Middle East


Before announcing the release of the British marines and sailors yesterday, Iran's president pinned the Medal of Bravery to the chest of the revolutionary guard commander who oversaw their capture. Mahmoud Ahmadinejad himself emerged from the Revolutionary Guard. To learn more about this elite and powerful force, we turn to two men who've known the guard since it began.

Mr. BRUCE RIEDEL (Senior Fellow, Saban Center for Middle East Policy): The Iranian Revolutionary Guard was formed in May 1979, so almost immediately after the revolution. It was set up by the then-supreme leader Ayatollah Khomeini to be the guardian of the revolution.

MONTAGNE: That's Bruce Riedel, now at the Brookings Institution's Saban Center for Middle East Policy. Back in 1979, he was a CIA officer with the hostage task force, as he puts it, for the 444 days Americans were held in Tehran.

Bruce Riedel says the Ayatollah wanted protection against threats by Iran's regular army, loyal to the deposed shah, and against foreign intelligence agencies like the CIA.

Mr. RIEDEL: The Iranians had a vivid memory of 1953, when a coup had been launched against a much less revolutionary government and which had toppled that government and put the shah back in power. And I think you can effectively characterize them as the hardliners within the Islamic republic.

(Soundbite of crowd noise)

MONTAGNE: What you're hearing here is a rally in Tehran marking an anniversary of Iran's revolution. Thousands of revolutionary guards are chanting death to America.

(Soundbite of crowd noise)

Mr. MOHSEN SAZEGARA (Journalist): The Revolutionary Guard was supposed to be a people army.

MONTAGNE: Mohsen Sazegara helped found the Iranian Revolutionary Guard.

Mr. SAZEGARA: It was supposed to mobilize the people of Iran in front of any foreign attacks to Iran. And I remember in those days, I studied about the National Guard of the United States, the people army in Switzerland, the army of Israel, Viet Congs in Vietnam to find some other like that. And the charter that we wrote for Revolutionary Guard in those days was something based on such ideas.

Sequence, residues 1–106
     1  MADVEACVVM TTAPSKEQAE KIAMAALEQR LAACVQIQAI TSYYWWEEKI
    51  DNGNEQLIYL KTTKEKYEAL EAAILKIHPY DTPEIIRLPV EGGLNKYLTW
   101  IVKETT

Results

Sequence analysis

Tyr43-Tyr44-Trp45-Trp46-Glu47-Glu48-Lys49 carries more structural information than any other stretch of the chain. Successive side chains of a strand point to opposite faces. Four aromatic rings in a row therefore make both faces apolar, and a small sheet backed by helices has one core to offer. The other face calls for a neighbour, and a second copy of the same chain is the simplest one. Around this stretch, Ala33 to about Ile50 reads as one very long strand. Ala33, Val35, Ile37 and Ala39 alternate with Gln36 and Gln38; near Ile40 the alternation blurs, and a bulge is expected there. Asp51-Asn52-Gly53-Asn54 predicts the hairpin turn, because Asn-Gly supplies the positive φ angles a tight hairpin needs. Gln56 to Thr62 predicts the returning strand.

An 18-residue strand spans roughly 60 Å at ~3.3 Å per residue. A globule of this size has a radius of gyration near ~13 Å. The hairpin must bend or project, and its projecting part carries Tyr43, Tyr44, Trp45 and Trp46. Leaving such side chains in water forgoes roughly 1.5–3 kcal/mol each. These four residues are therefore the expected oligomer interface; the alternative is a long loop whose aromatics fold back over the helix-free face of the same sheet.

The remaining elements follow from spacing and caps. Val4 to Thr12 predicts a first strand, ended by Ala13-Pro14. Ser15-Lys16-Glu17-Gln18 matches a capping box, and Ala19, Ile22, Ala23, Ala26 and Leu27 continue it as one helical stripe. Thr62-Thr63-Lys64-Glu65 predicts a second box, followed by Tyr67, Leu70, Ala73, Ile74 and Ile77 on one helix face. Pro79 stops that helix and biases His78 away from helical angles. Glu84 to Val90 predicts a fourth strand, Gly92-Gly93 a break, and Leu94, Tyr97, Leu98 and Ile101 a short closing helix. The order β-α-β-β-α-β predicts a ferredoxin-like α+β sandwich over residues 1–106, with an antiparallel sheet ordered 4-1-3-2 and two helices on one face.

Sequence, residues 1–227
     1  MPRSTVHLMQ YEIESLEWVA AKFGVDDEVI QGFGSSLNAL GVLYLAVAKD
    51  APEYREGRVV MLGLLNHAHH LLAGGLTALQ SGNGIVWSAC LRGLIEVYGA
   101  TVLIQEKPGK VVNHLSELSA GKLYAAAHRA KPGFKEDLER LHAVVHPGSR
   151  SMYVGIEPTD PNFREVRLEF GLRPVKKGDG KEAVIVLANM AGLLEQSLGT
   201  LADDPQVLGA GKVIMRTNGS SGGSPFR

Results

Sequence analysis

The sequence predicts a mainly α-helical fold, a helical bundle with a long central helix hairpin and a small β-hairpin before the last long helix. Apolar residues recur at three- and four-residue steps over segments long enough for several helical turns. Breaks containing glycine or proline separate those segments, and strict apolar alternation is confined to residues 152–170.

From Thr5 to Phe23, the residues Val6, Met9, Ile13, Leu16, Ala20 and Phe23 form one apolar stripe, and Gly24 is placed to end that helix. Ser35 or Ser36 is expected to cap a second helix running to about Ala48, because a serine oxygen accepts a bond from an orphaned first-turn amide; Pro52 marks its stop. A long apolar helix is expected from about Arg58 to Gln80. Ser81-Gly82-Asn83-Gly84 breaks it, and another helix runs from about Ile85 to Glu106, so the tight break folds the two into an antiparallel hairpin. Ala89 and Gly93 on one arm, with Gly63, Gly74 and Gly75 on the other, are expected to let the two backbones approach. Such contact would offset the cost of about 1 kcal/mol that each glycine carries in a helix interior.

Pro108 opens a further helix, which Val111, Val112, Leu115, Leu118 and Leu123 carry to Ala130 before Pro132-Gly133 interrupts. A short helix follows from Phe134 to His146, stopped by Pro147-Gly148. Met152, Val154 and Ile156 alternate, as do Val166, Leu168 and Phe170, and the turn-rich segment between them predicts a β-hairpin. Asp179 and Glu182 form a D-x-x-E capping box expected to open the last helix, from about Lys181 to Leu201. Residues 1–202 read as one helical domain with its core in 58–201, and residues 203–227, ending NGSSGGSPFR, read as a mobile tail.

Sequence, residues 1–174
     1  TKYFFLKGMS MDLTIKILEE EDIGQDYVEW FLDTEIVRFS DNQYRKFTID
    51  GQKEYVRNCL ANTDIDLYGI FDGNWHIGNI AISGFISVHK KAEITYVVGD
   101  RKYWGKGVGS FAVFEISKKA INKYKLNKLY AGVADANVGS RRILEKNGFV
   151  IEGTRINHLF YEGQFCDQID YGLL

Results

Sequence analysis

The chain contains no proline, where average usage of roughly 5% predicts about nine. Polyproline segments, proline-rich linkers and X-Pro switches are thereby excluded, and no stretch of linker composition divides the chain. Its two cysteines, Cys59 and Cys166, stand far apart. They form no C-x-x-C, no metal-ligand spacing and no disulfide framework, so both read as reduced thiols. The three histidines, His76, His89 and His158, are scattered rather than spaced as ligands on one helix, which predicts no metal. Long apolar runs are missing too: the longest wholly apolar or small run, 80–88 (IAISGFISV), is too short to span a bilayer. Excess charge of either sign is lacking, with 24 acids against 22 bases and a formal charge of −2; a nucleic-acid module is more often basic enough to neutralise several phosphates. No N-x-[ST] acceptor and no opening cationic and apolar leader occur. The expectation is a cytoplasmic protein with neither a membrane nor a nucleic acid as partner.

MONTAGNE: Mohsen Sazegara says the role of the Revolutionary Guard shifted quickly in 1980, when Iran and Iraq went to war. The Revolutionary Guards acted as human waves in some of the toughest battles, and hundreds of thousands perished. At the same time, the guard began to export the ideals of the revolution throughout the Middle East. The Quds Brigade acted as its external affairs branch. It helped set up Hezbollah and developed other ties with Shia extremists groups. Here again, analyst Bruce Riedel.

Mr. RIEDEL: The Iranian Revolutionary Guard for more than 25 years, for example, has been involved in shipping weapons to Hezbollah and Lebanon, including those missiles that you saw used against Israeli cities last summer. They've also been involved in shipping arms to Hamas and Islamic Jihad in the Palestinian-occupied territories. The ship that was most famously intercepted by the Israelis in 2002, the Karin A that was carrying arms from Iran to Gaza, was a ship that was registered and run by the Revolutionary Guard.

MONTAGNE: As it gained more power within Iran, former Revolutionary Guard leader Mohsen Sazegara became more and more disillusioned. Especially, he says, when the guard turned its attention to making money.

Dr. SAZEGARA: Revolutionary Guard started to intervene in economic and financial affairs in Iran. And gradually, they have established about 100 companies. They're all around the country in several branches, in construction, trading, in manufacturing. And now Revolutionary Guard is something really strange. I mean, it's an organization which is like a political party because they have 80 seats in the parliament. They have more than half of the members of the Cabinet. They are like KGB because they have secret services and they act like that. And they are like a cartel or trust.

MONTAGNE: Is the Revolutionary Guard at the point where it's a parallel government? That it can freelance with impunity much of the time?

Dr. SAZEGARA: Yeah. You can call, actually, the Revolutionary Guard a kind of government inside the government of Iran.

MONTAGNE: And then the Quds force that we've heard about is a force within the force of the Revolutionary Guard.

Dr. SAZEGARA: And maybe you can call the Quds force the foreign ministry of this government inside the government.

MONTAGNE: And then it has a Secret Service of its own.

Dr. SAZEGARA: Yeah. The Revolutionary Guard has a Secret Service that, you know, arrested journalists, arrested web bloggers, they have their own prison and they do their own jobs against freedom seekers in Iran.

MONTAGNE: Mohsen Sazegara himself was imprisoned in Iran in 2003 for criticizing the government. He later left Iran and is now a visiting researcher at Harvard University.

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